Zoe Berg, Senior Photographer

In a year of market fluctuation and endowment stagnation, the University has maintained a strong financial position, though not without challenges.

Just before winter recess, the University released its 2022-23 budget update. In the fiscal year ending June 30, 2022, the University generated a surplus from operations of $166 million on $4.876 billion in revenue. During the same period, the endowment returned 0.8 percent, but after accounting for spending distributions, the endowment’s value dipped almost $1 billion. Because it is difficult to estimate returns on the illiquid assets which comprise the majority of Yale’s portfolio, it is possible that returns may be lower than reported.

“We are pleased to have had an operational surplus in FY22 that reflects our community’s careful stewarding of university resources,” the budget update read. “As a result of Yale’s decentralized financial structure, these surpluses are distributed across hundreds of individual school, department, program, and faculty accounts.”

While the budget report argues that a “minimal endowment return is not a cause for concern,” it also acknowledges that high interest rates and prolonged recession — which many experts are currently forecasting — may become challenges in the near future.

The report also highlights several other challenges, including the University’s overdependence on revenue from the School of Medicine, sustained operating deficits at Yale New Haven Hospital and market inflation.

“Nothing surprised me,” accounting professor Rick Antle told the News. “The University is financially strong and I expect it to continue to be so going forward. I believe the Provost rightly points out the challenges presented by the large position of the Yale Medical School in the University’s financial position and the risk of inflation.”

Antle told the News that maintaining an operating surplus is healthy financial practice.

From 2018 to 2022, the University has reported surpluses of $91, $87, $125, $276 and $167 million, respectively.

“[This year’s surplus] is about 3.4 percent of revenue, which does not strike me as excessive,” Antle wrote in an email to the News. “Yale University is a large, complex institution, and we can’t expect to hit zero every year. As a management matter, I would expect an institution like Yale to aim for a small, positive operating surplus and to try to avoid operating deficits.”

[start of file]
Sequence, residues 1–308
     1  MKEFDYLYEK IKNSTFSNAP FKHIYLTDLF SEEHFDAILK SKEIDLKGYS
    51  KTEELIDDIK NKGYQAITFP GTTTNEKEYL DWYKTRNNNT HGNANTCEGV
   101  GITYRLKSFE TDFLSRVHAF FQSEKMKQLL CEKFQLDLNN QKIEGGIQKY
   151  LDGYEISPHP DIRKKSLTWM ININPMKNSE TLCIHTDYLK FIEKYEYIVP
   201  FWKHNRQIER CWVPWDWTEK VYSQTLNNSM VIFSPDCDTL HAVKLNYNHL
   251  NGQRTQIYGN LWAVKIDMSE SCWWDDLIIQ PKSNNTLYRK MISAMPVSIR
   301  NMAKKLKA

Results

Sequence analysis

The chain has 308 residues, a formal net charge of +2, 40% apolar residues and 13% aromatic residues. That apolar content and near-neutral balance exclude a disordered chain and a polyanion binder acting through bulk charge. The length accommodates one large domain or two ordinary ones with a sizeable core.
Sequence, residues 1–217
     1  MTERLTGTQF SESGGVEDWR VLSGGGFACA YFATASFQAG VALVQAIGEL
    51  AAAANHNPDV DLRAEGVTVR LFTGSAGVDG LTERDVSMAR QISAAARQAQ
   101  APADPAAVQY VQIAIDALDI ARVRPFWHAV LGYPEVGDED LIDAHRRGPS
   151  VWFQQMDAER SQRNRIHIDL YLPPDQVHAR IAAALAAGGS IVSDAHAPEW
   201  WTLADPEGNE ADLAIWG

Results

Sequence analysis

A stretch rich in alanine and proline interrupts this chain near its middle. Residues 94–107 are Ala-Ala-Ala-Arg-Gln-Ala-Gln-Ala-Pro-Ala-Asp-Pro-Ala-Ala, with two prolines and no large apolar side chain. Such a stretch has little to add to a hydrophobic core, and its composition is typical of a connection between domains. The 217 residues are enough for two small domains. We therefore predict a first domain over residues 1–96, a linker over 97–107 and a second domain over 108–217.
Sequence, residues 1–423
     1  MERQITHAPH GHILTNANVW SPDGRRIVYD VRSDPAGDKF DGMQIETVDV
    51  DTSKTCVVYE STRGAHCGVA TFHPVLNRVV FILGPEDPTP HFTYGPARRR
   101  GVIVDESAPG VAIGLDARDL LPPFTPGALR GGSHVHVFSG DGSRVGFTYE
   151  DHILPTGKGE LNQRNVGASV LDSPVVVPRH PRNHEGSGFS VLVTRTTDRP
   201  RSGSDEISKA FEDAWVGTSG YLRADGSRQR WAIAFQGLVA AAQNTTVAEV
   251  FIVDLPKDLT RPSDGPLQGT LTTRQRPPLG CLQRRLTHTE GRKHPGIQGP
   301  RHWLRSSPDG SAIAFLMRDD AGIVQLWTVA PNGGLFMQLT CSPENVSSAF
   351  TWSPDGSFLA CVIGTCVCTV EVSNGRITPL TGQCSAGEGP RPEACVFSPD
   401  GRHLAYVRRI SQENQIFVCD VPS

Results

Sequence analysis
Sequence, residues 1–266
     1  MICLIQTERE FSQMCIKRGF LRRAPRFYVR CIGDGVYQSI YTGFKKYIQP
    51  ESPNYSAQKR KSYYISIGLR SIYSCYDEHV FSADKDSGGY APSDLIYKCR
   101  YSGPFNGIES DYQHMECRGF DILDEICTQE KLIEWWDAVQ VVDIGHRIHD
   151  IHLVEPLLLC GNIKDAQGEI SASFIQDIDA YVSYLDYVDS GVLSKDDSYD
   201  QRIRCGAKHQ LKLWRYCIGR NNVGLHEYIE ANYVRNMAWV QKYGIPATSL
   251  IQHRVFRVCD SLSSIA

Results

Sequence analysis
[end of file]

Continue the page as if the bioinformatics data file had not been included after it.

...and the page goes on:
Antle added that operating deficits can be detrimental to the University’s financial future, whereas surpluses are relatively benign and roll over for future use.

78 percent of this year’s surplus falls into restricted endowments and gifts that must be spent for specific purposes. The University’s unrestricted funding source, which can be used however the president and provost see fit, also recovered from the large deficit detailed in last year’s budget update.

“The surplus largely stays within the specific unit that generated it,” senior vice president for operations Jack Callahan wrote in an email to the News. “For example, with endowment-related revenue, it remains in the fund balance for that unit to be consistent with the donor’s intention of the original gift agreement.”

Callahan says this financial structure ensures that the University fulfills its fiduciary obligation to manage these funds appropriately.

The report further discussed the financial challenges presented by Yale New Haven Hospital, which has experienced operating deficits for the past two years and, according to University leadership, will likely report a deficit again in the current fiscal year. 

Although the hospital is an independent non-profit organization, it works in “close partnership” with the School of Medicine to provide care for patients. More than one-third of YSM’s clinical revenue comes from YNHH. Because the School of Medicine accounts for half of University revenue, this is a legitimate cause for concern.

“The [School of Medicine’s] largest source of revenue is from clinical activities — patients paying for professional services to Yale doctors and funds from the YNHHS to support joint clinical investments and hospital related activities such as new clinical programs,” Callahan told the News.

Yale New Haven Hospital was founded as the General Hospital Society of Connecticut in 1826.

EVAN GORELICK
Evan Gorelick covers Woodbridge Hall with a focus on the Yale Corporation, endowment, finances and development. He is a Production and Design Editor and previously covered faculty and academics at the News. Originally from Woodbridge, Connecticut, he is a sophomore in Timothy Dwight College double-majoring in English and economics.